I suspect that plans for the invasion of Cuba were extant long before 11/22/63 and were constantly upgraded via gaming and other means, and that planners were awaiting some sort of precipitating event. To my knowledge, no one has suggested that a retaliatory landing would have followed on the heels (within days) of JFK's murder, so I can't accept that fingers were on hair triggers.

Additionally, you write that, "Moreover, Dr. Scott's Phase One/Phase Two conjecture, while neat and tidy, is - to me, at least - entirely too neat and tidy. It presupposes that the plotters correctly divined in advance what the responses would be from all parties involved. It further presupposes that what transpired is precisely what was planned. Perhaps others lead a life so predictable, but my own experience of life on this planet is somewhat different."

Again, I have a problem with your sense of pre-supposition. As I noted previously in my perhaps overarching "figured bass" metaphor, the planners of what we surely agree was/is a conspiracy of Baroque complexity must have anticipated that there would be unanticipated events and consequences generated by their actions. I doubt they would have been foolish enough to believe that they had covered every possible bet.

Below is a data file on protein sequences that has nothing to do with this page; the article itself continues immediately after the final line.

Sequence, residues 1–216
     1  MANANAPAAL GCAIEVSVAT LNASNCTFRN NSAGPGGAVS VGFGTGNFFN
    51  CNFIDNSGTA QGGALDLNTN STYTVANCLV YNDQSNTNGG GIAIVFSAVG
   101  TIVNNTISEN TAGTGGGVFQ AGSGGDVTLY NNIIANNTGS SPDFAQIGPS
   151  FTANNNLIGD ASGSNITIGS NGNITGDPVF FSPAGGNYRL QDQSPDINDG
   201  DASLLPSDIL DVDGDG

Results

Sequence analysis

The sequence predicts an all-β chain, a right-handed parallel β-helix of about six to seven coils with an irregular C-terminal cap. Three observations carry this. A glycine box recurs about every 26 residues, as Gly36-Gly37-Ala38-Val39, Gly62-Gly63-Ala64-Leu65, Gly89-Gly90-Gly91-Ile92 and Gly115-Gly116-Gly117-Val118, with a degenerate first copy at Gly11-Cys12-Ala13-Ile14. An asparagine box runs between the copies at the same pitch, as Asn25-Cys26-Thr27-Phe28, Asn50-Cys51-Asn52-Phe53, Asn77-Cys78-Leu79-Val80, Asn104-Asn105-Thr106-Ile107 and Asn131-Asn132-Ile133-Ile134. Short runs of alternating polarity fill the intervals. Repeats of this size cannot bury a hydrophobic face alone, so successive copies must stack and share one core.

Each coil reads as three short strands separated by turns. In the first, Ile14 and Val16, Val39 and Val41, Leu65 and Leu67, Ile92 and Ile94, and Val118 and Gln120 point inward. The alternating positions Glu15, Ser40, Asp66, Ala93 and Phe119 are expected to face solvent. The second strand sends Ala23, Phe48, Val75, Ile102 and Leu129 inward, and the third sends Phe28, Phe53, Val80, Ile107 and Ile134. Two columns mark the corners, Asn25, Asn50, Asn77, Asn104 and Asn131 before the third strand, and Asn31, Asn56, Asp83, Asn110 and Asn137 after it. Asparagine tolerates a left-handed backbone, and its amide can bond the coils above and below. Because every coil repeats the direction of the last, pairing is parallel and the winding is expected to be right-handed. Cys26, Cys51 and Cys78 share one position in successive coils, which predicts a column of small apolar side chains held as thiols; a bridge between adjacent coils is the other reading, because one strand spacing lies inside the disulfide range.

As you write, "Because Ruby's recruit, Tippit, had failed to carry out his assignment, and Oswald was captured, the job switched from making Oswald disappear to making Oswald dead, which fell to Ruby. To me, that seems less a case of PLAN B than it does awkward ad-libbing."

"Ad-libbing?" Most likely. "Awkward?" Well, it worked.

Finally, you write, " ... it seems to me that a number of people went to a great deal of trouble to colour the immediate post-assassination perception of Oswald as Castro-sponsored, and to lay on an 'escape route' leading directly to Havana. Had that portion of it gone according to what I surmise was their plan, all would have been left thinking that Oswald and Castro were smoking Monte Cristos and clinking their Cuba Libre glasses in celebration on the beach. With that residual impression, would things really have turned out the way they did, or would the Marines have hoisted a victory flag in Havana within days?